Hungary's central bank to keep rates unchanged
Hungary's central bank probably will keep its benchmark interest rate, the European Union's highest, unchanged for a second month as the forint's strength curbs inflation, economists said before today's decision.
The bank's 13 policy makers will keep the two-week deposit rate at 8% following five increases earlier this year, according to all 13 economists in a Bloomberg survey. The Budapest-based bank will announce the decision at 2 p.m. The forint is the world's best-performing currency over the past three months, having gained 8.2% against the euro. That helps curb consumer prices, after the inflation rate almost tripled in the past six months as the government raised the value-added tax and boosted utility bills, forcing rates higher. „The strength of the currency gives the bank more flexibility,” said Silja Sepping, an economist with Lehman Brothers in London. „They can afford to be in a wait and see mode. I don't expect any more hikes.” Three-month money market rates are currently 8.09%, just 9 basis points higher than the central bank rate, according to Bloomberg data today. That gap is down from an average this year of 30 basis points and from a high of 78 basis points in July, suggesting traders and investors have scaled back expectations for higher borrowing costs.
The inflation rate, also the EU's highest, rose in November as prior increases in energy prices and taxes continued to boost costs. Consumer prices were 6.4% higher than a year earlier. Still, the effects of the austerity measures are waning and the forint's strength helps cap further pickup in inflation. Services prices increasing 0.1% in November, the slowest pace in a year also eased concern about underlying inflation. The forint was trading at 253.06 to the euro at 8:34 a.m. in Budapest, compared with 253.08 to the end of trading on December 15. „Contrary to the previous months, though, there's no sign of a further increase in the inflation trend,” the rate-setting monetary council said in a statement on December 8. The outlook on inflation had prompted the central bank to raise the benchmark rate five times this year. The bank now expects an average inflation rate of 6.9% in 2007 and 4.1% in 2008, outside the target of keeping inflation between 2% and 4% in the medium term. Quickening consumer-price growth has prompted central banks around the world to raise rates. The European Central Bank on December 7 raised its key rate for the sixth time this year. The Bank of England raised its main rate for a second time on November 9 and the US Federal reserve lifted its benchmark rate 17 times.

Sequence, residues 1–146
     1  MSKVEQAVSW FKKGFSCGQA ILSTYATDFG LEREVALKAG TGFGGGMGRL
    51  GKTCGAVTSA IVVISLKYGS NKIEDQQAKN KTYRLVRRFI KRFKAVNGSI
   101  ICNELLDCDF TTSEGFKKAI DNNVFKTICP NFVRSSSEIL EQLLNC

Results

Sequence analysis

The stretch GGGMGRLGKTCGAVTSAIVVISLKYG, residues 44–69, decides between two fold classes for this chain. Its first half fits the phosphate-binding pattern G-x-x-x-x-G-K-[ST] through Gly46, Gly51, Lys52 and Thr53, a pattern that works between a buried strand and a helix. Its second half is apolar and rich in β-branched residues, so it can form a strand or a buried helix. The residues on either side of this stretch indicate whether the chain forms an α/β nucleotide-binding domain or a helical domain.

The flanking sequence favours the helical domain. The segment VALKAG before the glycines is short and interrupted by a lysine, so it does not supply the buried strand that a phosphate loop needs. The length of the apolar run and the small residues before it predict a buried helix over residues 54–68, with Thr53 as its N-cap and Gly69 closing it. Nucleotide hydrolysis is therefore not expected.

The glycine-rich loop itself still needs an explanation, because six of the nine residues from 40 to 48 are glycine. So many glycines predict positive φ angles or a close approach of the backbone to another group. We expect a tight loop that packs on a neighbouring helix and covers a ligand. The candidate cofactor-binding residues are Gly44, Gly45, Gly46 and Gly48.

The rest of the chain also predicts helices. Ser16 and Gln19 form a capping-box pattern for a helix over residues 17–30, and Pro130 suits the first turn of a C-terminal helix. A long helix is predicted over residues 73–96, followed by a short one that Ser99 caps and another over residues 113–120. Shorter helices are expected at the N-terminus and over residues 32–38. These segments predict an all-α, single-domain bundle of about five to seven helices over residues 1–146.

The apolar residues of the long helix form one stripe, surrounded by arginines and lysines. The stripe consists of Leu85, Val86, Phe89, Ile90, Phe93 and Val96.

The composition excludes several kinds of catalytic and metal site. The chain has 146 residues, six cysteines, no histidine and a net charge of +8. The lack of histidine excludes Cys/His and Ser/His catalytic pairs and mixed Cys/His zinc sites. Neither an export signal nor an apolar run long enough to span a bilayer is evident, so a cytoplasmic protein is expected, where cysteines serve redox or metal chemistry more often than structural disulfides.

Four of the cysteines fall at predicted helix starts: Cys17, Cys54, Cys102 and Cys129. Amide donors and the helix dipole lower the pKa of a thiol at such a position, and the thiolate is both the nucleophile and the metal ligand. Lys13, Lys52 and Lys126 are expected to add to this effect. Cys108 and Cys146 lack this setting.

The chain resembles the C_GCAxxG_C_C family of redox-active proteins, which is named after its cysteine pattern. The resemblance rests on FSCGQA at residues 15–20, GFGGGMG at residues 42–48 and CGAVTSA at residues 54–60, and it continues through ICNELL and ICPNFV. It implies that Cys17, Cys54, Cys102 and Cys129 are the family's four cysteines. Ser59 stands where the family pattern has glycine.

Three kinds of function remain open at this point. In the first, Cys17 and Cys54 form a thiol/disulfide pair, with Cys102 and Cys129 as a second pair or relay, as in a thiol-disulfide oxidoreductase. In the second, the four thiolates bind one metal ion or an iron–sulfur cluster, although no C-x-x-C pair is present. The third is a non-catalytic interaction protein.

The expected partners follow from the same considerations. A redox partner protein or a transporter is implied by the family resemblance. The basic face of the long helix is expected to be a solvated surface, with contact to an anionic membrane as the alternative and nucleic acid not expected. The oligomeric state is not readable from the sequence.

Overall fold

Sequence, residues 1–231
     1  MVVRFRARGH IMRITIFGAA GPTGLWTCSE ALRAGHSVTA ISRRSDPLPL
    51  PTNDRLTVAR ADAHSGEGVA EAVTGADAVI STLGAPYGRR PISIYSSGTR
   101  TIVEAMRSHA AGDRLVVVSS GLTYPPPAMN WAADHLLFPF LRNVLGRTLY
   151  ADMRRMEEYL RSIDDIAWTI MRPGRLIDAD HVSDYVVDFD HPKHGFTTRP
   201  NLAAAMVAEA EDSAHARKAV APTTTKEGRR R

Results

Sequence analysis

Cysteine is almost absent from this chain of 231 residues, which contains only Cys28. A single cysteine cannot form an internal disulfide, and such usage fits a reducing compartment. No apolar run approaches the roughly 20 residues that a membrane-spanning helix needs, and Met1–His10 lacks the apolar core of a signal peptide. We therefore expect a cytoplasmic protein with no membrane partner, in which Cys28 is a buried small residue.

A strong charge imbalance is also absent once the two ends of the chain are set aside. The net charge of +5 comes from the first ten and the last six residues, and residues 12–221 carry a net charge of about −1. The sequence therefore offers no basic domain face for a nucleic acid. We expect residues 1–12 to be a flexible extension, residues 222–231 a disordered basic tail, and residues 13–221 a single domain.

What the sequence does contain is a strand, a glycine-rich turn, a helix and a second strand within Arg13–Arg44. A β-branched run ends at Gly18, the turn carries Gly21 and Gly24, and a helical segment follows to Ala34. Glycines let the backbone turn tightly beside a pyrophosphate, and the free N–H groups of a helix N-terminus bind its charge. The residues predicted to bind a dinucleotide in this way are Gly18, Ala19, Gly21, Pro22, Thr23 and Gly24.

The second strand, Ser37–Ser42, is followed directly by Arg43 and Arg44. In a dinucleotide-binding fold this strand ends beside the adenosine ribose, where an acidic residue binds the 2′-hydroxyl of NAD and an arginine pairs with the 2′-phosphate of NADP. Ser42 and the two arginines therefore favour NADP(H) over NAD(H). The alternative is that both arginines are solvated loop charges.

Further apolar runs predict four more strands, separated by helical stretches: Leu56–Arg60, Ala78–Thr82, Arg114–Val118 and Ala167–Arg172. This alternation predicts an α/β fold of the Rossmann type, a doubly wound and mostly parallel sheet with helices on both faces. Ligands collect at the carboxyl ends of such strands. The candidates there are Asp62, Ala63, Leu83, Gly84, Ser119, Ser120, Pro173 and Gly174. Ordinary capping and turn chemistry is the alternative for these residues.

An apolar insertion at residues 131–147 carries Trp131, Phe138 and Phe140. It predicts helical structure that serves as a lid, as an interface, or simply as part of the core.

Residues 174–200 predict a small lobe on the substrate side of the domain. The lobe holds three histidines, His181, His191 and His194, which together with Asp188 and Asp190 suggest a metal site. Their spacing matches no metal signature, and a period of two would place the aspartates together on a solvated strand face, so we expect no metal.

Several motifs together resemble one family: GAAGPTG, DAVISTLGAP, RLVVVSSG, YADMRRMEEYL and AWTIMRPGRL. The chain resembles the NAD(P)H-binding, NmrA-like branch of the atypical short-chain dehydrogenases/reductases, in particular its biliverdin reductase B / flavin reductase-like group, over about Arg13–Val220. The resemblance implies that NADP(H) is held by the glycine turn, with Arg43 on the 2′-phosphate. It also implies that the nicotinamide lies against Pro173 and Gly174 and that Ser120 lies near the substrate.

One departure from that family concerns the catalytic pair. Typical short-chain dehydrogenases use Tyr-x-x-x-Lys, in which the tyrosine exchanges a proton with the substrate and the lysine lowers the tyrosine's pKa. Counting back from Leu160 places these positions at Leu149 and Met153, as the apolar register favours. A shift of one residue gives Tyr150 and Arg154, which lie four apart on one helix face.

Hungarian policy makers, who voted 7-5 to keep the rate unchanged on November 20, expect inflation to slow after the end of 2008, Gábor Oblath, who voted with the majority, said on November 24. He expects the government's austerity measures to damp inflation by curtailing consumer demand. „Considering the expected fiscal tightening, the increases in the benchmark rate and the recent strengthening of the forint, I think the monetary conditions are strict enough,” Oblath said in an interview. „If there are no big additional shocks, I think inflation will get down to 3% in 2009 at the latest, but possibly earlier.” Last month's vote was by the narrowest possible margin, as central bank President Zsigmond Járai’s vote would have reversed the outcome in the event of a tie. Járai then argued for higher borrowing costs to avoid „stagflation,” an economic slowdown coinciding with accelerating inflation. He has since improved his outlook on consumer prices. „At this moment, monetary conditions are strict enough and the forint is strong enough,” Járai, whose term will end in February, told the representatives of US investors in Hungary on December 7 „Many colleagues in the monetary committee are convinced that inflation will come down in 2008.”(Bloomberg)
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